Important information about headache medicine

Medicine safety

If you take pain relieving medicines, it is important that you understand how to use them safely. For instance, you may already be taking pain relieving medicines in your cough and cold remedies or medicines for arthritis, or other conditions. It’s important not to take more than the recommended daily amount as this can lead to serious side effects.

Read the label carefully, or check with your doctor or pharmacist, so you don’t accidentally take more than you should.

Medication overuse headache

Frequent (daily or almost daily) use of pain relieving medicines can lead to a condition known as ‘medication overuse headache’. In this condition, your headaches stop responding to the medicine, and can get worse. This is known as the ‘vicious cycle’ of headache medicines. The risk of developing this condition is higher if you use pain relievers that contain codeine or caffeine more than 10 days per month.

If you have regular headaches that no longer respond to your usual medicines, speak to your doctor. Your doctor may refer you to a specialist for treatment.

When should I see my doctor?

If you have a lot of headaches see your doctor. You should also see your doctor if you have a severe headache, or a headache accompanied by symptoms such as:

You should also see your doctor if you think you may have migraines. Your doctor can help you understand if you have a simple headache or a migraine. If your doctor diagnoses migraine, they will help find ways to reduce their frequency. Some people may also benefit from long-term medicines to prevent migraines.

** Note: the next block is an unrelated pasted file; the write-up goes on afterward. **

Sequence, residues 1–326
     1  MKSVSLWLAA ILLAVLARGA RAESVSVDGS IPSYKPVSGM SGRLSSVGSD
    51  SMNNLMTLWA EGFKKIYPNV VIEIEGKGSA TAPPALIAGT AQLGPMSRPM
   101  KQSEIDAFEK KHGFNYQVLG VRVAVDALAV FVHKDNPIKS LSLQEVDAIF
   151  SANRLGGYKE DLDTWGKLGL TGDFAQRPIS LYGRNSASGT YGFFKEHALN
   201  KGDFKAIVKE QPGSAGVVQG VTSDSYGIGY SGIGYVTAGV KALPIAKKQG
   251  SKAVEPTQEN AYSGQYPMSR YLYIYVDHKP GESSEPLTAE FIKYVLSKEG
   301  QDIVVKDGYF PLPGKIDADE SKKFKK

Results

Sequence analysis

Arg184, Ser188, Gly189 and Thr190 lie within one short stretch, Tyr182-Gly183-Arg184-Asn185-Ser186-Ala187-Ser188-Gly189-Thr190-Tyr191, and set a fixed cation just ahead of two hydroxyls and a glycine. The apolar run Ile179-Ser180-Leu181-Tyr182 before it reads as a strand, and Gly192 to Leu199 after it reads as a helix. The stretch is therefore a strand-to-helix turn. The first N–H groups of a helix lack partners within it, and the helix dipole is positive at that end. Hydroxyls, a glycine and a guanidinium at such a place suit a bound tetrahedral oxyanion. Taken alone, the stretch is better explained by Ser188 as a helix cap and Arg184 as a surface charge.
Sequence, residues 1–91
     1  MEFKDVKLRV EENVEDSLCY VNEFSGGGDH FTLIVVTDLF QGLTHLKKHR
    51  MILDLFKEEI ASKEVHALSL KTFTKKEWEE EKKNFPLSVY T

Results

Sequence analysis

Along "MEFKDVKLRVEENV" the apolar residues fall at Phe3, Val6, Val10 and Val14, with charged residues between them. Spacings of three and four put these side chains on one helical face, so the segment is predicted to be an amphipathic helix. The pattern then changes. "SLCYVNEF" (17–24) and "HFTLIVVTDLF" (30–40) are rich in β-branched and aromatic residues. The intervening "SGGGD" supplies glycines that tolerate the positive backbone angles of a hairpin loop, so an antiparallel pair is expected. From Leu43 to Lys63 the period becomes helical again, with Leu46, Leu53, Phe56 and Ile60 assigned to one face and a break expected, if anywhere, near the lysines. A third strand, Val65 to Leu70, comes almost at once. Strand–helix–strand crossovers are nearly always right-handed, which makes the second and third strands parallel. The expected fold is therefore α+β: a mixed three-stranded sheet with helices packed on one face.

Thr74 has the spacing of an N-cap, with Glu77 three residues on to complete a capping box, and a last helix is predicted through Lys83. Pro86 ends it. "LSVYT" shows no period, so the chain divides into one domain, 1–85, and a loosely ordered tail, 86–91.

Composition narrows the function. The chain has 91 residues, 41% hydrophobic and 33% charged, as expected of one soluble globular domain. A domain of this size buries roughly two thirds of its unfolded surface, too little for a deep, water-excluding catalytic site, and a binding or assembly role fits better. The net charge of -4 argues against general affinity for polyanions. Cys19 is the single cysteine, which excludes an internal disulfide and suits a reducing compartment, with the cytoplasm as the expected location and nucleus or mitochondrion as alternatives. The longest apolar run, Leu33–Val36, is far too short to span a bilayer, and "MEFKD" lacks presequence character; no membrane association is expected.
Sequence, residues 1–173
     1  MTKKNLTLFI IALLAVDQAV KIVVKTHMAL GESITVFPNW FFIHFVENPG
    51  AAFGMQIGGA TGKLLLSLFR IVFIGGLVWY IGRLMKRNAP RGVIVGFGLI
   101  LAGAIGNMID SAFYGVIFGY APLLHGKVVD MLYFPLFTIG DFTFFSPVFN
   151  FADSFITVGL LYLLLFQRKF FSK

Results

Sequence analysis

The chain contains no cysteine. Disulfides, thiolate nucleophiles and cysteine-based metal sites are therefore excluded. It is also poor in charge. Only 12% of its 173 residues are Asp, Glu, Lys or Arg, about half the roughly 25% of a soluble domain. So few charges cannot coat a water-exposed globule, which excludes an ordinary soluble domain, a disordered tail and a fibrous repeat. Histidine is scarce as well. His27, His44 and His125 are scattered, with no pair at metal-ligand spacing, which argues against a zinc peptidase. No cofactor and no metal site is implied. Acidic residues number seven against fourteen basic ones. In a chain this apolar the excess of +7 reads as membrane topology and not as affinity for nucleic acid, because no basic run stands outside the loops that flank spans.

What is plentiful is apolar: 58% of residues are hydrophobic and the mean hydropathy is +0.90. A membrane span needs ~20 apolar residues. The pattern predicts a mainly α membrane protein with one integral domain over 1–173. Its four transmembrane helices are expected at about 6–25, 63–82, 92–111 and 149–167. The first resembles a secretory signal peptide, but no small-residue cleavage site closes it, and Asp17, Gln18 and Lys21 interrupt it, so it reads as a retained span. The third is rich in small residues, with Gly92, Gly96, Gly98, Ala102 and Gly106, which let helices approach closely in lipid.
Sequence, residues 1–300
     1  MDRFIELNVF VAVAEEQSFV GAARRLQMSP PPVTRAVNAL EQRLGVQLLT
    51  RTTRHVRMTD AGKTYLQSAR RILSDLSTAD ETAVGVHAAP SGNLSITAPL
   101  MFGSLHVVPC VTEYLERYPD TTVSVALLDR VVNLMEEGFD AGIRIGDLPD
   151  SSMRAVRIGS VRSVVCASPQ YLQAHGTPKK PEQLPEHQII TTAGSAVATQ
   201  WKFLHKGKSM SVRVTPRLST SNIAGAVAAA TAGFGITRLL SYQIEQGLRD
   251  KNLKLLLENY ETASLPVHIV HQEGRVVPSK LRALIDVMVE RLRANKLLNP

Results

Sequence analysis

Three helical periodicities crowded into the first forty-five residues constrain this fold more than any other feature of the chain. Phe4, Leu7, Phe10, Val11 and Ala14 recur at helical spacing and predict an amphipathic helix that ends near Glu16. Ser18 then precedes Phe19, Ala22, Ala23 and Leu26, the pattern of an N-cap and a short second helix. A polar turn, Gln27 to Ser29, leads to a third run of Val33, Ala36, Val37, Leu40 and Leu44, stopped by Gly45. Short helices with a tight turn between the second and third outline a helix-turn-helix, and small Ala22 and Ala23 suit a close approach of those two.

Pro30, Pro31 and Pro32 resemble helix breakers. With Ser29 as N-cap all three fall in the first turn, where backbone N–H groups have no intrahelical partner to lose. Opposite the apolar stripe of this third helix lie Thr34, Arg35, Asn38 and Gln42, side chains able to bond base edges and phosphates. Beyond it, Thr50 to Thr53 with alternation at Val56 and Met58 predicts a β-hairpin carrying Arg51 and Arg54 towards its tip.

If you are worried about taking medicines for your headache, ask your doctor or pharmacist about:

  • the benefits of medicine for headache
  • the risks of different types of medicine for headache

Your doctor or pharmacist will help you decide which medicines are suitable.

ASK YOUR DOCTOR — Preparing for an appointment? Use the Question Builder for general tips on what to ask your GP or specialist.

Looking for more medicine information?

healthdirect’s medicines section allows you to search for medicines by brand name or active ingredient. It provides useful information about medicines such as their use, whether they are available on the Pharmaceutical Benefits Scheme and product recalls.

Resources and Support

  • If you are concerned about the effects of your medicine, talk to your doctor, pharmacist or other health practitioner, or call healthdirect on 1800 022 222 at any time to speak to a registered nurse (known as NURSE-ON-CALL in Victoria).
  • You can find out more about your medicine by reading the Consumer Medicine Information (CMI)
  • Call 1300 MEDICINE (1300 633 424) to speak with a pharmacist who can answer your questions about medicines.

NPS Medicinewise offers advice on:

Learn more here about the development and quality assurance of healthdirect content.

Last reviewed: February 2023